Sustainability and sport: the private sector’s role

Article authored by Rita Ricobelli Corradi, Sustainability and sport expert.

Sport can be more than a game and lucrative economic activity; it is also a powerful platform to help advance sustainability, not only in the public and non-profit sectors but also across the business landscape. Among its many benefits, sport’s ability to break down socioeconomic barriers, promote physical and mental health and foster social cohesion and development, is a universally recognised power that can encourage positive change. Importantly, sport has the large-scale global influence and engagement needed to help move the needle on sustainability.

Indeed, various organisations including the United Nations, governmental agencies in both developed and developing countries and non-profit organisations, have been working on how to use sport as a tool to support sustainability efforts. Yet, in many cases, a lack of resources, such as funding and multidisciplinary know-how, has limited the impact of these efforts.

To overcome such limitations and attain wide-ranging sustainable impact, sport and sustainability initiatives need to adopt a thorough and systematic approach, while leveraging the expertise and vision of all sectors. In this respect, the private sector can play a critical role as it has the financial means, and the necessary agility, know-how, and ability to focus on fresh, innovative strategies to drive forward successful initiatives and private-public collaborations globally.

When it comes to the limitations of achieving sustainable impact within the business sector, introducing sustainability strategies can be challenging and sometimes seen as a cost rather than an investment that benefits shareholders and other company stakeholders. A common way to understand the advantages of sustainability efforts in business is using a concept known as the triple bottom line. A phrase coined by business writer John Elkington in 1994, the triple bottom line refers to a sustainability framework that examines a company’s social, environmental, and economic impact. Its focus on people, planet and profit – known as the 3Ps – promotes a more holistic view of business that measures a company’s social and environmental impact as well as financial performance.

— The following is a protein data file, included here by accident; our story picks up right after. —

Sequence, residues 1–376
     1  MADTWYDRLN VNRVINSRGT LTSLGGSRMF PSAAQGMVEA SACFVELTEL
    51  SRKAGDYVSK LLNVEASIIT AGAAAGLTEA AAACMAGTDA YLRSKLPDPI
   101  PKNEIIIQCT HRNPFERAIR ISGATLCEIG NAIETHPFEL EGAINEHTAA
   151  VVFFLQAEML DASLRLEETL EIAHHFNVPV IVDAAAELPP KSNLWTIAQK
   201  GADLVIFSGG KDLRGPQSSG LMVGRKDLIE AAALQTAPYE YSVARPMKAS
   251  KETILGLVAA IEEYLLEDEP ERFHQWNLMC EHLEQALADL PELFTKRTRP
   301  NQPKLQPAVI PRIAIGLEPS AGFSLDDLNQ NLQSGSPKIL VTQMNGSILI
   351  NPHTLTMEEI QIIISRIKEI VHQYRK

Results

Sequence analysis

How businesses can integrate the 3Ps in sport

By taking into account the 3Ps, business entities can reap the benefits of linking sustainability and sport. For example, various sport and physical activity consumer goods companies have opted to focus on making positive social and environmental impacts as a core mission. This commitment not only clarifies and enhances business strategies, it can also help to facilitate brand promotion, awareness, recognition, and consumer loyalty. Gaining a clear understanding of the interplay between people, planet and profit can help businesses involved in or closely linked to sport to identify new opportunities for growth and reach new markets while, at the same time, making positive societal and environmental impacts.